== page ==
Phacelia (phacelia, scorpionweed, heliotrope) is a genus of about 200 species of annual or perennial herbaceous plants in the borage family, native to North and South America. California is particularly rich in species with over 90 recorded in the region. [1]

The genus is traditionally placed at family rank with the waterleafs (Hydrophyllaceae) in the order Boraginales. The Angiosperm Phylogeny Group, recognizing that the traditional Boraginaceae and Hydrophyllaceae are paraphyletic with respect to each other, merges the latter into the former and considers the family basal in the Euasterids I clade. Other botanists[2] continue to recognize the Hydrophyllaceae and Boraginales after analysing the secondary structure of the ITS1 genetic region rather than its sequence for these higher taxonomic levels. This placed Phacelia within the Hydrophyllaceae.[2] Further molecular taxonomic analysis of the Boraginales has divided the Boraginales in two and placed Phacelia among the monophyletic herbaceous Hydrophyllaceae in Boraginales II.[3]

The genus includes both annual and perennial species.[1] Many have been cultivated as garden and honey plants.

There are reports that glandular hairs of stems, flowers and leaves of some species of Phacelia secrete oil droplets that can cause an unpleasant skin rash (contact dermatitis) in some people, specifically from P. brachyloba,[4] P. campanularia,[5] P. crenulata,[4][6] P. gina-glenneae,[7] P. grandiflora,[4] P. ixodes,[5] P. minor,[8] and P. pedicellata.[4][5] The major contact allergen of P. crenulata has been identified as geranylhydroquinone and of P. minor as geranylgeranylhydroquinone.[8]

The mining bee Andrena phaceliae is a specialist pollinator of this genus in the Eastern United States

Selected species

See also


  1. ^ a b Gilbert, Cynthia; Dempcy, John; Ganong, Constance; Patterson, Robert; Spicer, Greg S (2005). "Phylogenetic Relationships within Phacelia subgenus Phacelia (Hydrophyllaceae) Inferred From Nuclear rDNA ITS Sequence Data". Systematic Botany. 30 (3): 627–634. doi:10.1600/0363644054782251. S2CID 85948949. Retrieved 11 November 2020.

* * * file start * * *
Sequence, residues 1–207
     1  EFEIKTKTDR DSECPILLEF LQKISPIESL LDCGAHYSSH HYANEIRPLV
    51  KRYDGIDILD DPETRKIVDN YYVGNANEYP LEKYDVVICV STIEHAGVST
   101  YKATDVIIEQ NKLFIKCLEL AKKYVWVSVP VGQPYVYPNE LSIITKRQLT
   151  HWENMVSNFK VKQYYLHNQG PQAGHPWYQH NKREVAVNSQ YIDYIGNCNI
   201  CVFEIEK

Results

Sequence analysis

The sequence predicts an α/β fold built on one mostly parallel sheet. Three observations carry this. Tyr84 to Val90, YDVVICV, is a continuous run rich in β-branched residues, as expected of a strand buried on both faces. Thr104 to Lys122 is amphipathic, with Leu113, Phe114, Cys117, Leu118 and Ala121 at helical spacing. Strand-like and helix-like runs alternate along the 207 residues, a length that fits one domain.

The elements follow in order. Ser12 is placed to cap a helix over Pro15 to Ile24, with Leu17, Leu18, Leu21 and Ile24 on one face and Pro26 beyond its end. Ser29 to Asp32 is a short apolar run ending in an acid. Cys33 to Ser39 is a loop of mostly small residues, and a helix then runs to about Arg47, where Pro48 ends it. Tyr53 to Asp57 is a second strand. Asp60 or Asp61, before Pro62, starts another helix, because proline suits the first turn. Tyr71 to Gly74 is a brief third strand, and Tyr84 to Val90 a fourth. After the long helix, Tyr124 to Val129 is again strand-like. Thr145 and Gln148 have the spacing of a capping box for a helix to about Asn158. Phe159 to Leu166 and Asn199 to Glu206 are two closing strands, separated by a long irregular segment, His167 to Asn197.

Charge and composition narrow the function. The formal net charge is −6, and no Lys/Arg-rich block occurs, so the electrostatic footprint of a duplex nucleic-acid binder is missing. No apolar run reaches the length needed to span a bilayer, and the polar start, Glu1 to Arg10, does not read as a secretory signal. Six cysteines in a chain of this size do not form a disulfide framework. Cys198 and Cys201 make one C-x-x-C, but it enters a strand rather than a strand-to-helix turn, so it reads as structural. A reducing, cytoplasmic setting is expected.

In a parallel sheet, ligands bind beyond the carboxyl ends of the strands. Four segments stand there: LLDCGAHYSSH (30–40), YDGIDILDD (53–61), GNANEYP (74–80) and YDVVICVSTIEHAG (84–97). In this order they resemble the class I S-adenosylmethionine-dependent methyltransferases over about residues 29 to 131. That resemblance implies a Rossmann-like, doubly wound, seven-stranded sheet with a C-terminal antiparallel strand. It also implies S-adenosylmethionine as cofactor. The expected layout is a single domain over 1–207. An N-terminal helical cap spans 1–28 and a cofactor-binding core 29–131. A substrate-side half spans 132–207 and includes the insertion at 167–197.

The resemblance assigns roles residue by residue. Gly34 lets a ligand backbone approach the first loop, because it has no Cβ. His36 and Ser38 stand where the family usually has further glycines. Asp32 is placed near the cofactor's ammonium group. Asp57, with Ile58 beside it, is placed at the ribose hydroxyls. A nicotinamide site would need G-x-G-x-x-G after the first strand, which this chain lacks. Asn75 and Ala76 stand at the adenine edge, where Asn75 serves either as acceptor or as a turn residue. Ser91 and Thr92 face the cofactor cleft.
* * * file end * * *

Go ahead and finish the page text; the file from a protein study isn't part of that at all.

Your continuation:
2. ^ a b Gottschling, M; Hilger, H H; Wolf, M; Diane, N (2001). "Secondary Structure of the ITS1 Transcript and its Application in a Reconstruction of the Phylogeny of Boraginales". Plant Biology. 3 (6): 629–636. doi:10.1055/s-2001-19371. Retrieved 11 November 2020.
  3. ^ Weigend, Maximilian; Luebert, Federico; Gottschling, Marc; Couvreur, Thomas L.P.; Hilger, Hartmut H.; Miller, James S. (2013). "From capsules to nutlets—phylogenetic relationships in the Boraginales". Cladistics. 30 (5): 508–518. doi:10.1111/cla.12061. PMID 34794245. S2CID 11954615. Retrieved 11 November 2020.
  4. ^ a b c d Munz, Phillip A (1932). "Dermatitis produced by Phalecia (Hydrophyllaceae)". Science. 74 (1965): 174. Retrieved 11 November 2020.
  5. ^ a b c Reynolds, Gary W.; Epstein, William L. (1986). "Unusual contact allergens From plants in the family Hydrophyllaceae". Contact Dermatitis. 14 (1): 39–44. doi:10.1111/j.1600-0536.1986.tb01150.x. PMID 3948508. S2CID 30674931.
  6. ^ Berry, C. Z., et al. (1962). Dermatitis venenata from Phacelia crenulata. Archives of Dermatology 85(6), 737-39.
  7. ^ Edgar, Leith. "Service Botanist Discovers Native Colorado Flower". US Fish and Wildlife Service. Retrieved 11 November 2020.
  8. ^ a b Reynolds, Gary; Epstein, William; Terry, Diane; Rodriguez, Eloy (1980). "A potent contact allergen of Phacelia (Hydrophyllaceae)". Contact Dermatitis. 6 (4): 272–274. doi:10.1111/j.1600-0536.1980.tb04929.x. PMID 7398286. S2CID 42561206.

Further reading

  • Olmstead, R.G.; Kim, K-J.; Jansen, R.K. & Wagstaff, S.J. (2000): The phylogeny of the Asteridae sensu lato based on chloroplast ndhF gene sequences. Mol. Phylogenet. Evol. 16: 96–112.

External links